• whatlikeitshardwhatlikeitshard Monthly Member
    154 karma

    Congratulations!! That is amazing! Appreciate all your comments. Getting to the end of the dark tunnel that is the LSAT seems so, so far away right now. Good to hear this.

  • figsandcheesefigsandcheese Alum Member
    31 karma

    Thank you so much for sharing it is really appreciate to hear advice from a successful 7Sager!

  • LogicianLogician Alum Member Sage
    edited July 2021 2453 karma

    @Twix-LSAT thanks, and three times!

    @oliver_ocean my pleasure! So personally I struggled a lot with being too careful/meticulous; trying to check all the answer choices, drawing out all possible worlds etc. Upon reflection and feedback from others I realized I had to be a lot more aggressive. This means sometimes picking answer choices that you’re 70-80% sure are right, flagging it and moving on (you can always come back if you have time at the end). Another massive time saver for me was the rule substitution questions. I used to fall into the trap of spending 2, sometimes even 3 minutes only to either pick the answer I was originally drawn to or blank. Most people will be better off skipping this question and coming back to it if they have time. But, Ideally you want to get to the point where you can reliably narrow it down to just 2-3 answers based on a quick pass of the answers (sometimes even finding the correct one right away). Another time saver was utilizing my old work, I think everyone is aware of this strategy, however often times they are still not fully maximizing its use.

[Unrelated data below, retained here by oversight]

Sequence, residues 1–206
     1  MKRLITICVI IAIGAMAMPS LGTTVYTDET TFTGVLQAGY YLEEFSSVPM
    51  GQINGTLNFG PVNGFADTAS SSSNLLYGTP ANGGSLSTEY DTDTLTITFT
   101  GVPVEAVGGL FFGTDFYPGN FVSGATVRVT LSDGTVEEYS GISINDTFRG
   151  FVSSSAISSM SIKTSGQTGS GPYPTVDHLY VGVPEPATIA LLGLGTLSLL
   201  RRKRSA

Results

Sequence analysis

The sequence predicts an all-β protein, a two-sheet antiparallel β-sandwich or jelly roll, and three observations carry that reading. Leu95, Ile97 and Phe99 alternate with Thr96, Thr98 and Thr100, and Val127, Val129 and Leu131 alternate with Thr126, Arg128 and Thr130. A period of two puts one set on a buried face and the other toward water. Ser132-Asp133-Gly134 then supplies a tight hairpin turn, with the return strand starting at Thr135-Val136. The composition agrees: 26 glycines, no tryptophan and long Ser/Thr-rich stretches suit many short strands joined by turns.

@whatlikeitshard thank you and I’m glad it helped!

    @figsandcheese you’re welcome!

  • Mo SchaafMo Schaaf Alum Member
    60 karma

    this is just what i needed to hear today, thank you so much for posting.

  • Burt ReynoldsBurt Reynolds Alum Member Sage
    952 karma

    First of all CONGRATS on the 171! Your comments were so valuable to me while studying!

    @Logician said:
    Throughout my studies I had various people, friends and family members, hit me with the “YOU’RE STILL STUDYING??” or the “JUST TAKE IT AND APPLY ALREADY” - Tune it out. This is your journey and everyone’s will be different. don’t worry about the road you take, just focus on your destination.

    I've been writing a similar post between work meetings in the last few weeks and I have the same note. Those comments are such a nuisance - best to tune them out. Congrats again - you deserve it :smile:

  • LOWERCASE EVERYTHINGLOWERCASE EVERYTHING Alum Member
    1947 karma

    amazing! congrats!!

  • miriaml7miriaml7 Monthly Member
    948 karma

    Congrats! I appreciate all the help you've provided in the forums. Best of luck with your cycle!

  • LogicianLogician Alum Member Sage
    2453 karma